A Maryland company that wants to build a wind tower more than 2,000 feet tall in San Luis, Ariz., to create electricity is now proposing a similar project across the border.
Ronald Pickett, president of Solar Wind Energy Tower, said the firm proposes to build the tower on a 1,250-acre on the east side of San Luis Rio Colorado and generate electricity for sale to Mexico’s state-owned electricity utility.
Like the proposed tower in San Luis, Ariz., the tower would use water to cool hot and dry air, causing it to fall through its shaft in a powerful downdraft that would drive turbines, which, in turn, would generate the electricity.
In a news release issued in December, Solar Wind Energy said it was in the process of fulfilling requirements for the tower on the Mexican site, among them securing the necessary source of water needed in the energy generation process and finalizing agreements for sale of the power to Mexico’s Federal Commission of Electricity.
But Pickett said the Annapolis, Md.-based firm is no less committed to seeing completion of the San Luis, Ariz., tower, which would stand 2,250 feet in height on a site along County 24th Street between Avenues E and D. The city council recently rezoned the site to allow for the tower.
He said the company continues seeking investors for the Arizona tower as well as working to finalizing agreement for purchase of the electricity produced to be it.
He said Solar Wind Energy’s most recent gain came when the California Energy Commission issued a certificate confirming that electricity generated by the tower would meet the state’s Renewable Portfolio Standard, allowing sale of electricity in California and permitting the firm’s customers to receive renewable energy credits.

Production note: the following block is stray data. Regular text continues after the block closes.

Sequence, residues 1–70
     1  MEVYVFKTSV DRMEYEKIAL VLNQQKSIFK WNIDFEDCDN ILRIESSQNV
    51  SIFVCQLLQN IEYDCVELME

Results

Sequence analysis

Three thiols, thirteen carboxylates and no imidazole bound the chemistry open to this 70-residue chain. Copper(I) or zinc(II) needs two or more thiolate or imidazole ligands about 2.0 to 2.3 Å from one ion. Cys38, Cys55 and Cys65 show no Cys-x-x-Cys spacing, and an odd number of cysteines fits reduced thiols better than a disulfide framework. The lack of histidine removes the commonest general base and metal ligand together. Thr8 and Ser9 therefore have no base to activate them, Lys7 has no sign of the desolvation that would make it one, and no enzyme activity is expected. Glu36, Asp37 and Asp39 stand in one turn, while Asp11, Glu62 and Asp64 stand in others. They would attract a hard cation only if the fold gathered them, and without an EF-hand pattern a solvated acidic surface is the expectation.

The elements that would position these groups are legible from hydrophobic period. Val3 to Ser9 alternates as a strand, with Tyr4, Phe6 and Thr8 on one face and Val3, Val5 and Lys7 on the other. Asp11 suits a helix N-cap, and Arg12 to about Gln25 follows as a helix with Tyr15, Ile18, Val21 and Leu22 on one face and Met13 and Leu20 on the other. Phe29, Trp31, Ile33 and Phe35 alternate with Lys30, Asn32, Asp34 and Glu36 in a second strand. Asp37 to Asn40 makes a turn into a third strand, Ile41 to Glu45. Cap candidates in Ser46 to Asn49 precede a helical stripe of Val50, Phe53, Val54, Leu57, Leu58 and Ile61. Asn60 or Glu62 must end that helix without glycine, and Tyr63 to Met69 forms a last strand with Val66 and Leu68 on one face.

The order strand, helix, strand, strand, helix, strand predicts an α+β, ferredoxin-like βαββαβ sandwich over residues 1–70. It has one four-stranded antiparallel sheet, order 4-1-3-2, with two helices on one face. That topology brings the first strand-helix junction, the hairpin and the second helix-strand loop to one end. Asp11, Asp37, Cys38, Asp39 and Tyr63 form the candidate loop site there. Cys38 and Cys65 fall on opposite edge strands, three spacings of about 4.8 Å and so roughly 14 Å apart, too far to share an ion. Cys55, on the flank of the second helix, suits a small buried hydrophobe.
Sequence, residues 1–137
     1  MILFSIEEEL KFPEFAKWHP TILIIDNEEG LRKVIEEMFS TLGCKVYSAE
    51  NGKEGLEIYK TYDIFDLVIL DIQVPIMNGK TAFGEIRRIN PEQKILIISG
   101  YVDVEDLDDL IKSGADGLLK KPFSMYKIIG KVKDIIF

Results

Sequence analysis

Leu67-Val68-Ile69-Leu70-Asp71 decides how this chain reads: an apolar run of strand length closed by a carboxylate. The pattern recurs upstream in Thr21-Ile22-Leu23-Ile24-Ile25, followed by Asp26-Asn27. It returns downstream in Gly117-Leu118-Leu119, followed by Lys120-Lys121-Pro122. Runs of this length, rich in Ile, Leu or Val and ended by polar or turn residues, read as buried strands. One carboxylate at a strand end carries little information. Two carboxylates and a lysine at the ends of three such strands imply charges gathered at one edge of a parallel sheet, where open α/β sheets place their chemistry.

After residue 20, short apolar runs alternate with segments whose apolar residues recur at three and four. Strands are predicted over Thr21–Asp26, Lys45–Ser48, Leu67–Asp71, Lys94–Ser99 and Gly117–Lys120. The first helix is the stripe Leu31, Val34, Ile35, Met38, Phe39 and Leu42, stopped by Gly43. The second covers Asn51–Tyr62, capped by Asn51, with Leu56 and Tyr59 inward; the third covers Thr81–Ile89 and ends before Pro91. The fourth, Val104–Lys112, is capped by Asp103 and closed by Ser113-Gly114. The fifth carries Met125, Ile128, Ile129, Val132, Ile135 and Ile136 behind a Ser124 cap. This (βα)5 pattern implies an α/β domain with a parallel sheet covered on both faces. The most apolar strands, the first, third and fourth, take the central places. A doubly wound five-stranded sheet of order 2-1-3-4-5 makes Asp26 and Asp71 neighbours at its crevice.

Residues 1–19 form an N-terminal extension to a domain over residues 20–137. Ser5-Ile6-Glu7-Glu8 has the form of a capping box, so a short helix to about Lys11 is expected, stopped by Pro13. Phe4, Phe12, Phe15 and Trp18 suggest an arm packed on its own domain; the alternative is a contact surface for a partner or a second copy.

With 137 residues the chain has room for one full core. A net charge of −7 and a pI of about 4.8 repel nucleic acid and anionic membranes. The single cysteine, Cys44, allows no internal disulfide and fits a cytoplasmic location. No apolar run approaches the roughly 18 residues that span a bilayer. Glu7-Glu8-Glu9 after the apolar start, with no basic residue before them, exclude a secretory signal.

Pickett said the Mexico tower, like the one in San Luis, Ariz., is expected to create close to 2,000 temporary jobs in the construction phase and about 500 permanents jobs in the operation of the tower.
“The towers in Arizona and Mexico will be identical, which means a tremendous advantage for both the financing and the construction,” he said. “In Mexico, the tower will cost less than in Arizona, labor is less costly, and the process for getting local and state permits is also less costly.”
Carlos Mejia, director of the Mexican border city’s economic development commission, said the project would significantly benefit the local economy, through the creation of construction jobs, through purchases of water from the city to operate the tower and by attracting new industry that would use the electricity generated.
“Because of the quality of water they would buy, it would be a very big source of revenue for the city,” he said. “We have abundant water.”
The proposed site in San Luis Rio Colorado for the tower is already zoned for industrial use, he said, meaning rezoning would not be required.
Solar Wind Energy originally proposed to build two towers on Arizona side, supplying them with water brought by pipe from the Sea of Cortez. But faced with red tape in getting approval from the Mexican government for the pipeline and the potential cost of pumping, the company decided to seek the water from San Luis, Ariz.
The project was later scaled back to one tower because, San Luis officials said, the border city would be able to supply water for one but not two.
The Arizona tower would be ready for operation in 2018, according to the company’s timetable.
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